Figure 4. Relationship between size of land in hectares and number of landrace (R2 = 0.594, p < 0.01).

Table 3. The total number of each Enset landrace at Kebeles and households level in Aleta Chuko district.

No LANDRACES KEBELES Total number of Farms/Households Total number of Sites/Kebeles
I II III IV V
1 Adami - - 1 - 3 4 2
2 Adami-ado - - 1 1 - 2 2
3 Ado 25 25 25 25 25 125 5
4 Agenna - 2 1 - 9 12 3
5 Aletichcho - 7 1 4 5 17 4
6 Ambooma - 7 4 2 4 17 4
7 Arrishsho - - 1 1 6 8 3
8 Asikala/Asitara 2 4 8 10 16 40 5
9 Ayidara - - 1 1 2 4 3
10 Birbo - 5 - - 4 9 2
11 Birra 3 16 7 15 11 52 5
12 Biru-damala - 1 - - - 1 1
13 Borbodhichcho - 9 - 2 2 13 3
14 Boowe - - 1 - - 1 1
15 Boowete-ado - 11 1 - - 12 2
16 Bullo - 1 - 1 3 5 3
17 Chacho 2 9 2 9 10 32 5
18 Damalaa - 1 1 - 3 5 3
19 Dansite - 1 - - 1 2 2
20 Dongichcho - - - - 1 1 1
21 Doowiraamo - 1 1 1 4 7 4
22 Duwanchcho - - - - 2 2 1
23 Gedimee 1 3 2 4 3 13 5
24 Gediwochcho 21 21 19 21 23 105 5
25 Gedio-ado 1 6 1 7 5 20 5
26 Geemechella - 2 - - 1 3 2
27 Geena 6 17 18 9 5 55 5
28 Gentichcho 25 25 25 25 25 125 5
29 Godare - - - 1 2 3 2
30 Gooloma - - - 3 4 7 2
31 Gorichcho - - - - 5 5 1
32 Gosaloo - 4 - 3 5 12 3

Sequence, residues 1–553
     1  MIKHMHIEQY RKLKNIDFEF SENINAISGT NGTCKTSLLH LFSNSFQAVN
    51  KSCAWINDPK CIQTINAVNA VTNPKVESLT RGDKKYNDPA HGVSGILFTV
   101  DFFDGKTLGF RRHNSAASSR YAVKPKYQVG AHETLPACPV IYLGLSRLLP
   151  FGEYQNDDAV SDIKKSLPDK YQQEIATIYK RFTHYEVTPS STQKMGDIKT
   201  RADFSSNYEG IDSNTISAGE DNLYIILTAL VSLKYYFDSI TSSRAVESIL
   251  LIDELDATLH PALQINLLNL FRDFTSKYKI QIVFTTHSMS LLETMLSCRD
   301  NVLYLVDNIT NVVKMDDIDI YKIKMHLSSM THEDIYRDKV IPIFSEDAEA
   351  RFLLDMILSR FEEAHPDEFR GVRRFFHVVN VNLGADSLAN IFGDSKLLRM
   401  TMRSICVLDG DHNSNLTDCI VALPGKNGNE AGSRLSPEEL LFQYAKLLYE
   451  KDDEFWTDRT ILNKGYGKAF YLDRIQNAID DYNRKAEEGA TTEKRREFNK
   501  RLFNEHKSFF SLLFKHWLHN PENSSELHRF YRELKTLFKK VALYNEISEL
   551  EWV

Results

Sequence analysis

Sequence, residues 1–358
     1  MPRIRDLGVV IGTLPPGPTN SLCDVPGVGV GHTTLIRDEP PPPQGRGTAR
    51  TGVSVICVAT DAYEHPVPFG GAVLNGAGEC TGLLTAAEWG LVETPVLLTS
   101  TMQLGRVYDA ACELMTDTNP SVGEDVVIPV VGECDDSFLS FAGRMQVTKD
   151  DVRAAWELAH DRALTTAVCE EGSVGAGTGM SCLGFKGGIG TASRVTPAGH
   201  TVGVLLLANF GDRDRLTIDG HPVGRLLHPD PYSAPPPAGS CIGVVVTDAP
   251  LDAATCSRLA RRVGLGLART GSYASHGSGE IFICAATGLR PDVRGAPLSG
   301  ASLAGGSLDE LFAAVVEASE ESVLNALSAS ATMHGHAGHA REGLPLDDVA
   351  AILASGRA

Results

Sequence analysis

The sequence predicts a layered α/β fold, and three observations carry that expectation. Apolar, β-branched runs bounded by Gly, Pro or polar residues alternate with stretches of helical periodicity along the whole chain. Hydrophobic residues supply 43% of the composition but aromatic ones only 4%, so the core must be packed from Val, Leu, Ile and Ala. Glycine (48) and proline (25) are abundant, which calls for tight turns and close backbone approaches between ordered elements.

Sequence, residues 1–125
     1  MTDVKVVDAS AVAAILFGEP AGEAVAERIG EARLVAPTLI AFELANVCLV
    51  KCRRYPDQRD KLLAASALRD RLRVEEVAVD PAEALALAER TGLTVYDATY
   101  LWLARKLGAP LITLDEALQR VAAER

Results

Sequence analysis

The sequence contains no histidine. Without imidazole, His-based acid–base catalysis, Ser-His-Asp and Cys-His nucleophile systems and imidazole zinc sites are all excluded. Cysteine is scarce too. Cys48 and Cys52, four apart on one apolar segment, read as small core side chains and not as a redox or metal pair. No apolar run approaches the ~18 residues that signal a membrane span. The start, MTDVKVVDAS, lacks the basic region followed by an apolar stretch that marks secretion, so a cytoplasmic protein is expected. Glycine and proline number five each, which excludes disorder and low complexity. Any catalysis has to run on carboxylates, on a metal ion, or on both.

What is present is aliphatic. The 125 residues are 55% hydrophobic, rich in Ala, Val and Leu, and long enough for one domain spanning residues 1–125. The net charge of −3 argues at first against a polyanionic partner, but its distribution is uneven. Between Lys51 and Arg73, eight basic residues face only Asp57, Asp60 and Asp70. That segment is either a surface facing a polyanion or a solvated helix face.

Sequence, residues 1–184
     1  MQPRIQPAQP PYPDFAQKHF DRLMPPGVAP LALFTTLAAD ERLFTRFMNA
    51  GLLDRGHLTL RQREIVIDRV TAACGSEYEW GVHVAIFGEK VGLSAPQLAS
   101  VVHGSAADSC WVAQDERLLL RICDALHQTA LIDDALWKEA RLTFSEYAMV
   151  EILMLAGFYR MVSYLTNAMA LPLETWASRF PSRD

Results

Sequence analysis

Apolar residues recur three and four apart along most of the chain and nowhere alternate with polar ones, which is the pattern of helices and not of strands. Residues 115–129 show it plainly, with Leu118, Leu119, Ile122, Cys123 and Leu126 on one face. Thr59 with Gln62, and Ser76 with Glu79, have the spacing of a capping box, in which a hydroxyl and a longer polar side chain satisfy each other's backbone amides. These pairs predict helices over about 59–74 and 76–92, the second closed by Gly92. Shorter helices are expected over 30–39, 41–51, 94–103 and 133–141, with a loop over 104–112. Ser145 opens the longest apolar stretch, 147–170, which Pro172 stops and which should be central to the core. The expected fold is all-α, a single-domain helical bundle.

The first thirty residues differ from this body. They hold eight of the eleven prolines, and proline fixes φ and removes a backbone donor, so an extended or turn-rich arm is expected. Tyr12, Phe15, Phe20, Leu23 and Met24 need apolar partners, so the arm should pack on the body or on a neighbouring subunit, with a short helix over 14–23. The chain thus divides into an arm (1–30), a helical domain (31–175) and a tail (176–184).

33 Gulumo 7 21 11 18 11 68 5
34 Haaho - 2 1 2 6 11 4
35 Hansha - - - - 3 3 1
36 Hayisa - - - - 1 1 1
37 Heekeche - 3 1 1 7 12 4
38 Kanda - - 1 1 5 7 3
39 Keeshe - - - 1 4 5 2
40 Kinchcho - - 1 - 6 7 2
41 Kirre - - - 1 4 5 2
42 Kitichcho 17 16 12 17 5 67 5
43 Kuule - - 1 1 4 6 3
44 Leemichcho - 1 - 2 7 10 3
45 Maade - - 1 1 3 5 3
46 Midashsho 21 25 21 24 25 116 5
47 Mundraro - 1 - - 3 4 2
48 Sindaancho-ado - - - 1 1 2 2
49 Siricho - 2 2 2 - 6 3
50 Siriro - 3 - - 4 7 2
51 Toroora - - - 1 4 5 2
52 Tunnako - 8 - 3 2 13 3
53 Uuwishsho 2 3 9 9 12 35 5
54 Waanikoore - - 1 - 7 8 2
55 Woodaro - - - - 1 1 1

Caution: I-Rufowayino, II-Dengorakewado, III-Mangudo, IV-Gelma, V-Lelawomerera.

3.3. Extent of Variation in Composition of Enset Landraces Among the Different Study Kebeles

Table 4. Beta diversity index (β) (dissimilarity values for enset landraces Composition of the Kebeles).

Kebeles II III IV V
I. 0.61 0.59 0.64 0.74